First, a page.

Stephen O’Neill- The 4 Cs and Kano Model applied to the Music Gym/Member Organization

Stephen O’Neill’s 4 Cs and KANO analysis of music membership club (music gym)


The 4 Cs-


Consumer (Co-Creation)- what does the consumer want or need? The product will need to be desgined with the end user in mind. What would potential customers want out of a music membership club? Would they just want instruments? Would they want lessons? Would they want food and beverage? Are their other amenities that need to be considered? Are there specific things regarding the ambience that need to be considered?


Interesting fee structures might include: a monthly membership, a per visit fee, perhaps even free guest passes for friends and or family.


Additionally, could this in fact become a destination for evenings and weekends? In addition to borrowing instruments or having lessons in a club or gym environment, would it not also be interesting to market or push social aspects for the benefit of the consumer?


Cost (Community)- the price of a product is only one factor of total cost to the consumer. Other factors that would need to be considered include travel time, ease of use of the music club, membership or collective vs. traditional buying or renting of instruments and paying for lessons. What benefits might this model offer to the consumer that they could not get from renting or buying instruments using more traditional means?


One key play, in my opinion, would be the added benefit of being able to “hang out” while trying out and experimenting with instruments. Could this model also serve a vital social function for members of the “club”?


Communication (Customization)- traditional marketing in the four Ps would focus on convincing the customer to buy the product. But, what if we entered into a dialogue with potential customers (and then existing) customers about what they wanted from their membership organization? How much is fair to charge for this type of service? Would one model be running the business by charging what people believe they can afford? If there is a monthly fee for membership, what would members expect or demand in return for purchasing a membership?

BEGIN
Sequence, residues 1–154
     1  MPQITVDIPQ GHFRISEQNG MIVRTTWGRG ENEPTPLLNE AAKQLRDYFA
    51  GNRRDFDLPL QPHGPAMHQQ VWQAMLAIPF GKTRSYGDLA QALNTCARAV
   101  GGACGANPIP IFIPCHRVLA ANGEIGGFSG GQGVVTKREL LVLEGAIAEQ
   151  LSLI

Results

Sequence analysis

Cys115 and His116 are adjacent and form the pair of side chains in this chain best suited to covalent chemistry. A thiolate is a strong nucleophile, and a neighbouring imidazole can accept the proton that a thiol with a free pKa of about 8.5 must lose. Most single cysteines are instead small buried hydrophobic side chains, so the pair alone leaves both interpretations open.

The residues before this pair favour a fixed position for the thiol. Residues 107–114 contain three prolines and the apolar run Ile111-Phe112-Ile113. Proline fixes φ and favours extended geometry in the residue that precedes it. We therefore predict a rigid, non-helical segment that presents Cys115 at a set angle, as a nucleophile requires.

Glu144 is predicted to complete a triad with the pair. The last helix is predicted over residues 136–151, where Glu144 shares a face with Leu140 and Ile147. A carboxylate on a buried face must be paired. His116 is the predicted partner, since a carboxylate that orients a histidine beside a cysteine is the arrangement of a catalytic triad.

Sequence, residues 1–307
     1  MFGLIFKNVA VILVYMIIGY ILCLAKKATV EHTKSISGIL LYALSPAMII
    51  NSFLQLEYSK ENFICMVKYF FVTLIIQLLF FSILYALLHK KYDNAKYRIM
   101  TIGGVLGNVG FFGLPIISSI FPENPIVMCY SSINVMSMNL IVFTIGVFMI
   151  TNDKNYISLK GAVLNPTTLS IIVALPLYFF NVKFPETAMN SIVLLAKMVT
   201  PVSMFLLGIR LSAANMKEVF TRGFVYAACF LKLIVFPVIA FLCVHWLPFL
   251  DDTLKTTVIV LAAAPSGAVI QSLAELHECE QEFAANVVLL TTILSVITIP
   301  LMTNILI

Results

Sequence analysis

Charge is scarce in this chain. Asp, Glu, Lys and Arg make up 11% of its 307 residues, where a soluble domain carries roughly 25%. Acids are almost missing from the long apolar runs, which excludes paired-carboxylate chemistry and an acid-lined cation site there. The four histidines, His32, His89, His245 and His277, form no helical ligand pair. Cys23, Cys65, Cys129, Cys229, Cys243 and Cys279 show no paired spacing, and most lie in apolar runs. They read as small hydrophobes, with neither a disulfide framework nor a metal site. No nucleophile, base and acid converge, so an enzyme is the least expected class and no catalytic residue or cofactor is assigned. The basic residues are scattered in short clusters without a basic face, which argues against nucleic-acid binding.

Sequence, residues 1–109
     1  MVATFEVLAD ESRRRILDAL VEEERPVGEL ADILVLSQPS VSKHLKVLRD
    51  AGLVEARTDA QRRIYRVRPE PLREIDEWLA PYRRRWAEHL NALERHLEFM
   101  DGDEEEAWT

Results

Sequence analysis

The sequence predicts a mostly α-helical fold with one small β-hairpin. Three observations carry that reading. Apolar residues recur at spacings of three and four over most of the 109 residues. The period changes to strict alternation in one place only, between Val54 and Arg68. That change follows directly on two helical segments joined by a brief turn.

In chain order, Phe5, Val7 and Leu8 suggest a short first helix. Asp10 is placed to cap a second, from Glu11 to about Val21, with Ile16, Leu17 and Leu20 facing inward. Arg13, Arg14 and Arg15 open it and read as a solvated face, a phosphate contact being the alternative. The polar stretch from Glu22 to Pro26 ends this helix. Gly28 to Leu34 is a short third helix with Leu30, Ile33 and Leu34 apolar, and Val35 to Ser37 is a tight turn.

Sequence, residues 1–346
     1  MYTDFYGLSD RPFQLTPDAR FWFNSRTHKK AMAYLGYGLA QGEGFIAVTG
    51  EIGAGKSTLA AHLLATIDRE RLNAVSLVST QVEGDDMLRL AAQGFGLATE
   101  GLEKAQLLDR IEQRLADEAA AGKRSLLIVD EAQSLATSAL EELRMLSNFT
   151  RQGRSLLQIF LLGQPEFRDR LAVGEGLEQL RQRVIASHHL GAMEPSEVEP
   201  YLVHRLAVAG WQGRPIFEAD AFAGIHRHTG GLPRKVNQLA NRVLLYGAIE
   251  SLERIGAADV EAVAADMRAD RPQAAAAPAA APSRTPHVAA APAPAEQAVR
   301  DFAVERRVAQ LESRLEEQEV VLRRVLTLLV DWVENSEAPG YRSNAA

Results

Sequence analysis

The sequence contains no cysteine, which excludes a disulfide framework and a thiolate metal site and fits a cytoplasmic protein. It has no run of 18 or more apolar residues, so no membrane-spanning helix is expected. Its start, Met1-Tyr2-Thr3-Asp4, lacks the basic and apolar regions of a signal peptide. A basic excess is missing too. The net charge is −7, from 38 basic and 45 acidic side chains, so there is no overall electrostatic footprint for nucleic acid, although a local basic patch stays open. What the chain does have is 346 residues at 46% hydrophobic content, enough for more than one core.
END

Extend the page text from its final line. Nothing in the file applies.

Even more importantly, how might we customize the experience or the communication patterns to suite the needs of each individual member? One thing that might be interesting is to continually assess feedback from customers regarding what types of products/instruments/services they would like to have in place as part of their “music gym” or “music club”. Could their be a mechanism in place within the “gym” or “club” for individuals to come together to form bands or informal groups for the purposes of playing together?


Convenience (Choice)- I was in a Best Buy this weekend, I had to drive really far away from my house in order to get there. It was rather sad really; I mean it wasn’t all that busy. And, most people were looking not buying- myself included. I guess my point is- with the Internet businesses have to be more convenient in order to maintain customers. This could be particularly true for a membership organization. Where is it located? Is it proximate to areas loaded with artists and musicians? Is it in an area that is conducive to being social? Can the surrounding area tolerate the noises associated with the music?


One feature would be the ability to take instruments away from the “gym/club” or to have them delivered to your house or wherever you were going to need them. However, this may in fact take away from some of the potential social aspects I touted above.


Would it not also add to convenience to include a coffee shop or even a bar or beer in this type of establishment?


The Kano Model-


Capturing Data-

  • Dallas is a very large city, which means the target market is large
  • There are currently not any “music gym” or “music club” models that I could find in the Dallas area
  • Dallas is home to the largest art district in the Nation, see:
  • On-line music rental ranges from about $20.00 per month to $60.00 per month for one instrument


Reflection and Analysis-


  • It does seem like the market is prime for this type of service, as I could not find a “music gym” or “music club” in the Dallas area.
  • I really think it would be cool to integrate these instruments with social aspects or ways for musicians to come together to play together- much like meet up.
  • Also, a coffee shop or food/snack venue might even turn this type of service/product into a hangout for folks during evenings and weekends
  • Lessons, either professionally led, or by other members could be integrated into the “gym” or “club”.
  • Because average instrument rentals range from $20 to $60 per month, it is possible that you could charge $50 to $70 for members to have unlimited access to instruments or to try a variety of instruments. Perhaps, one could package a one-instrument rental with access to the “gym” or the “club”.


Brainstorming/Key Differentiators-

  • This type of product/service does not exist
  • Can bring in social/club aspects
  • Price could be competitive
  • The ambience of the location will be key factor
  • Integrating coffee shop could attract additional customers and enhance social feel
  • Encourage member led lessons or opportunities for members to play music together, meet and greet, etc.
  • Arts district could be a solid location to attract folks likely to take advantage of this type of service

2 thoughts on “Stephen O’Neill- The 4 Cs and Kano Model applied to the Music Gym/Member Organization”

Leave a Reply

Fill in your details below or click an icon to log in: Logo

You are commenting using your account. Log Out /  Change )

Google+ photo

You are commenting using your Google+ account. Log Out /  Change )

Twitter picture

You are commenting using your Twitter account. Log Out /  Change )

Facebook photo

You are commenting using your Facebook account. Log Out /  Change )

Connecting to %s